Rest of world catching up with U.S. workforce

U.S. workers still most educated

Staff WriterSeptember 13, 2011 

The latest international education comparisons show that the United States remains a leader when it comes to having an educated workforce, but other countries are catching up - fast.

Today, the Organization for Economic Cooperation and Development releases its "Education at a Glance" report for 2011. The group analyzes and compares education data from several dozen countries around the world.

Gaining on the U.S.

Twenty-six percent of the 255 million people in the world with higher education live in the United States. China is second and Japan third. But the picture looks less rosy for Americans when you examine educational attainment in different age groups. The American share is much larger (36 percent) in the 55-64 age group than in the 25-34 age group (21 percent). The United States is the only nation where higher education levels among those just entering the workforce do not exceed those who are about to leave. It ranks 15th among 34 countries studied when it comes to higher education attainment in the 25-34 age group.

Not ready for higher ed

The United States may have a hard time meeting the growing demand for highly skilled workers because of students' poor achievement.

Forty-two percent of 15-year-olds in the U.S. are below a certain level of proficiency in reading on an international test, about average across the nations studied. However, youths from other countries perform markedly higher; the failure rate is 25 percent in Finland and 21 percent in Korea, for example.

Education has rewards

Higher education, while expanding worldwide, still offers benefits for people. In the United States, a person with a degree beyond high school can expect to earn 79 percent more than a high school graduate. And during the recession, educated workers fared better, with 2009 unemployment rates reaching 15.8 percent for those without a high school diploma, 9.8 percent for high school graduates and 4.9 percent for college graduates.

Costly risks

Even with all the benefits, investing in higher education can be risky for individuals because the cost in the United States is so high. A graduate can expect to spend $70,000 for higher education, while foregoing $39,000 in earnings during college.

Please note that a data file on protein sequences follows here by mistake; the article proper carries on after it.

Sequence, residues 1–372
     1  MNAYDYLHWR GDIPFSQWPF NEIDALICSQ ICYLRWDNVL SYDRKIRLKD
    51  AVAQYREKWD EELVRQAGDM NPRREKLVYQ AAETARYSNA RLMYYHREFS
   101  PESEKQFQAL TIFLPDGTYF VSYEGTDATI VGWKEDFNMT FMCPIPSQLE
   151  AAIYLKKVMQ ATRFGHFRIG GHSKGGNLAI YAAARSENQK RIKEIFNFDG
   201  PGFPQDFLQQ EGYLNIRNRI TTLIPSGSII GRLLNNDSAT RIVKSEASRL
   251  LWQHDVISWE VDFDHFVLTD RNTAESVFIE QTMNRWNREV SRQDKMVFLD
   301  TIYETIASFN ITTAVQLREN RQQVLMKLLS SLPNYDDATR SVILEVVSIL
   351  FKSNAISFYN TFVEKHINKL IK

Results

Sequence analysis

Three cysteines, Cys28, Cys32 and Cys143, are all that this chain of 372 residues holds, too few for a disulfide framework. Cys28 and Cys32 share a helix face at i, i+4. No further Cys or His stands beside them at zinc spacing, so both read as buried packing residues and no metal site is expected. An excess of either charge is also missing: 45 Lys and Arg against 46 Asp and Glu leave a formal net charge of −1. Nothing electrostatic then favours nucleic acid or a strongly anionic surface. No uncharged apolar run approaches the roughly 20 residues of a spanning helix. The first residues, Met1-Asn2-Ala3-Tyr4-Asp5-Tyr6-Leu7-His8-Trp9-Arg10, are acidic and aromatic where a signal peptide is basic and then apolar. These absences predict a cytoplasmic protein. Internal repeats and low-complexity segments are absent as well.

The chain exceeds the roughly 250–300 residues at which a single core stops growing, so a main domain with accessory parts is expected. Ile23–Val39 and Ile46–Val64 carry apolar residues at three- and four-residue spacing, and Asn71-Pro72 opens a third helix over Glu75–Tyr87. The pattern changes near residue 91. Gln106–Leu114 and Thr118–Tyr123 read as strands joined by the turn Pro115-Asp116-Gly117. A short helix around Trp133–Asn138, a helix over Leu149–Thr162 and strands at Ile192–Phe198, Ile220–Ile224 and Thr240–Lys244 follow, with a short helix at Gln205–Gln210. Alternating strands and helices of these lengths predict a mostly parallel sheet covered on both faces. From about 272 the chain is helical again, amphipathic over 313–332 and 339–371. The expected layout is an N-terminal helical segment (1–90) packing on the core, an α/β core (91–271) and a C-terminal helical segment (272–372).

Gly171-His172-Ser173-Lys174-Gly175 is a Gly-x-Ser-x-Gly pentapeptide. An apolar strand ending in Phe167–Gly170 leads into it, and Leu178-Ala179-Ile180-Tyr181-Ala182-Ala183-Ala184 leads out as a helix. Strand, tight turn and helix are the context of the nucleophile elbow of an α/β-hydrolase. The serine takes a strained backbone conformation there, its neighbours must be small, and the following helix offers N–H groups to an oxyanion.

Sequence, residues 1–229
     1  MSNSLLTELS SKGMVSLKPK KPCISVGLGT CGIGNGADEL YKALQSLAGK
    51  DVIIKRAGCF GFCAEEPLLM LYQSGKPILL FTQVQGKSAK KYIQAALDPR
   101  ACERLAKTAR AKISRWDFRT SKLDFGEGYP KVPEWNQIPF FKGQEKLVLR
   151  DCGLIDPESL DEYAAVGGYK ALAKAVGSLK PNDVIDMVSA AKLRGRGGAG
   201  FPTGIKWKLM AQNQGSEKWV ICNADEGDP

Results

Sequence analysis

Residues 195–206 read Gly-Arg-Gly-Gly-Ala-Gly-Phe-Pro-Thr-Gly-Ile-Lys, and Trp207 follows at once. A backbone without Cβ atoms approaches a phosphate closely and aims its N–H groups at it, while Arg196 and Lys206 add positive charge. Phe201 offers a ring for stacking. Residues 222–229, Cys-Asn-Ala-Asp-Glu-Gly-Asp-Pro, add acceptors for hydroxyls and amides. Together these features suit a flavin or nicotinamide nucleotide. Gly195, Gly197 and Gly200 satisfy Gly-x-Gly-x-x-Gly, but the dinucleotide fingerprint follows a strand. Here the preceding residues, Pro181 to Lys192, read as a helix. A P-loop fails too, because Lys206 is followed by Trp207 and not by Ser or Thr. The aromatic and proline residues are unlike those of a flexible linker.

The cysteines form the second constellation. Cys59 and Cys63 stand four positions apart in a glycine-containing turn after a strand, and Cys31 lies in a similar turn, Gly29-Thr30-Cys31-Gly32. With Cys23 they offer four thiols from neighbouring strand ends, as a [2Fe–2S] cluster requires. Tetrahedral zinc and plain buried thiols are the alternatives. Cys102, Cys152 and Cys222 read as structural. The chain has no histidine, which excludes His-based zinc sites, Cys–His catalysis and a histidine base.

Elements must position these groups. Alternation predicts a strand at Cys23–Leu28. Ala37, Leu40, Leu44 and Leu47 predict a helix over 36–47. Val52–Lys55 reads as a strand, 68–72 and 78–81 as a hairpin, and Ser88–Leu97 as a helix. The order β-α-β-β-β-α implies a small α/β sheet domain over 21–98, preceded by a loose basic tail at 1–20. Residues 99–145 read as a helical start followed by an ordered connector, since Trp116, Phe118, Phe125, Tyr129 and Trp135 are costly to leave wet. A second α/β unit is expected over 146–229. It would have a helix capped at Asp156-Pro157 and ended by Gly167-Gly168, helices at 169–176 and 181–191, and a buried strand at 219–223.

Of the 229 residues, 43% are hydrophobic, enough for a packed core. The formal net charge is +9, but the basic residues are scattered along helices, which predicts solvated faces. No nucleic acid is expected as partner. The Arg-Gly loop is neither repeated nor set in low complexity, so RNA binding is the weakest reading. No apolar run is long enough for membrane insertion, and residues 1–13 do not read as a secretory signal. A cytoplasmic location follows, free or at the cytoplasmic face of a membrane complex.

But outcomes can vary widely; 13 percent of those with higher education earn half or below half of the median salary in the U.S.

More tax dollars

Investment of public dollars in education has a public payoff. During his working life, an American man with a higher education degree pays $190,000 more in taxes and other social contributions than a man without higher education.

The N.C. perspective

The data point out real concerns, said Scott Ralls, president of the N.C. Community College System.

Education leaders in North Carolina are constantly talking about how to improve students' performance in math and science to prepare them for the future workforce. Even machinists and auto mechanics have to know how to program high-tech equipment on the job.

"The skills at the technical level have moved from the hand to the head," Ralls said.

The good news is that in the United States, workers have a low-cost way to upgrade their skills throughout adulthood. "That's a uniquely American higher education innovation, which is the community college," Ralls said.

North Carolina finds itself competing not just with Texas and Massachusetts for jobs, but also with Ireland, Brazil and China.

At a recent biotech expo in Washington, Ralls said he was surprised to see booths from Russia, China and a host of other countries.

"When you've got Russia competing against you for economic development," Ralls said, "it's a whole new world."

jane.stancill@newsobserver.com or 919-829-4559

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